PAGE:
Methodology for Aircraft Architecture Selection & Design Optimization

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Harish, Anusha
Mavris, Dimitri N.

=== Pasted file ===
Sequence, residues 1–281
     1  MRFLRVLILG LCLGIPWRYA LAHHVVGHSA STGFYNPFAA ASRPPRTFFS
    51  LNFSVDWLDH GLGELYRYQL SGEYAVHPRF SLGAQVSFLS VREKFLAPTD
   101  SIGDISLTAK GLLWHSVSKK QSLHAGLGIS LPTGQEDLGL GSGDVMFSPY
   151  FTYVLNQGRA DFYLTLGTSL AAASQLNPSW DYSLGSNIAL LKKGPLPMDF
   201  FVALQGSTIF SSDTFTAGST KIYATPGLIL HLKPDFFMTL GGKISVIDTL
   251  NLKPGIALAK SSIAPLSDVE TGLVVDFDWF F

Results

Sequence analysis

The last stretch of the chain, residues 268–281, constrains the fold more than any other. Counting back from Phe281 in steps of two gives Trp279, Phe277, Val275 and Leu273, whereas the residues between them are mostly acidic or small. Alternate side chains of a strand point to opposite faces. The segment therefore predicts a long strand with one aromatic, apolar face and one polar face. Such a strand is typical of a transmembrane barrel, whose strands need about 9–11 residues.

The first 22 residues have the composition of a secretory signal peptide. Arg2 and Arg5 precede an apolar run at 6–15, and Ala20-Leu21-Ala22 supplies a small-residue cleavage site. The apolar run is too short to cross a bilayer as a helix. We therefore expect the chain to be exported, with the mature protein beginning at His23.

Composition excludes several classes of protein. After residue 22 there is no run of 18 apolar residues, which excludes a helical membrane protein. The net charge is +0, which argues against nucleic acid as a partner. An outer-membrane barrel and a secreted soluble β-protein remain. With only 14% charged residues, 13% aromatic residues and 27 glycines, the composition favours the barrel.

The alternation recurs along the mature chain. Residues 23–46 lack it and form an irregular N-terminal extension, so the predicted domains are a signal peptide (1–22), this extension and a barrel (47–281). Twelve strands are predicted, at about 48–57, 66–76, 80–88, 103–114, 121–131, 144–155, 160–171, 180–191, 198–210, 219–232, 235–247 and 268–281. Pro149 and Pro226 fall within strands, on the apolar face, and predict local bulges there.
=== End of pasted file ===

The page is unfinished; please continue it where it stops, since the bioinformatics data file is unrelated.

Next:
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Growing concerns about the environment have led to aviation agencies around the world such as IATA, ICAO, NASA, and ACARE to set targets to curb noise, emissions and fuel consumption in the coming years. In order to achieve these goals, several new aircraft technologies and concepts in the areas of unconventional airframe configurations (such as blended wing body and truss-braced wing), advanced propulsion systems (example, open rotor engines and electrified propulsion), alternative energy sources (such as hydrogen, battery, etc.) as well as propulsion-airframe integration concepts (distributed propulsion, boundary layer ingestion, etc.) have been proposed. There are over 100,000 possible combinations of these technologies. However, this vast architecture space has not yet been fully explored. Therefore, there is a need for a lower-order analysis methodology capable of rapidly analyzing different combinations. This research aims to propose a methodology for rapid generation and assessment of architectures in order to identify promising ones that are capable of meeting future environmental goals. There are 3 key aspects to this problem - generation of alternatives, evaluation of the design space for the architectures, and finally the optimization of the aircraft designs. The first research area focuses on the generation of architecture alternatives using Constraint Programming for every aircraft configuration with known propulsive-airframe integration concept, given the compatibility between different components. Since there is currently no methodology that automatically generates architecture alternatives, this proposed methodology is validated by comparing its results against known or studied architectures in the literature. The second research area is aimed at developing a ”pre-conceptual” design methodology that can quickly evaluate and optimize architecture alternatives with fewer design details and consistent set of assumptions and requirements. Parameters such that the energy and the power split between different components, and the path for power flow from the energy source to the thrust producing device at both sizing points as well as throughout the mission segments are proposed and used in the determination of key performance indicators such as global chain efficiency, energy specific air range and thrust specific power consumption. The objective of the final research question is the optimization of the aircraft design for each generated architecture. A multi-objective optimization algorithm is implemented to optimize each design with aircraft weight and energy consumption as the two objectives, while meeting all aircraft requirements such as range, payload, cruise altitude and speed, mission power requirements, etc. Thus, a complete, generalized, universal architecture enumeration and pre-conceptual design and optimization methodology is proposed. The capability of this methodology is demonstrated in the final use case where architectures with different alternatives in terms of energy sources – jet fuel, batteries (high specific power, high specific energy) and hydrogen; and advanced propulsion system architectures with distributed propulsion – electrified propulsion and hydrogen propulsion hybrids, are generated, evaluated and optimized for a 2050 Entry-into-Service. Furthermore, the impact of technologies on the aircraft performance is investigated through a technology sensitivity study.
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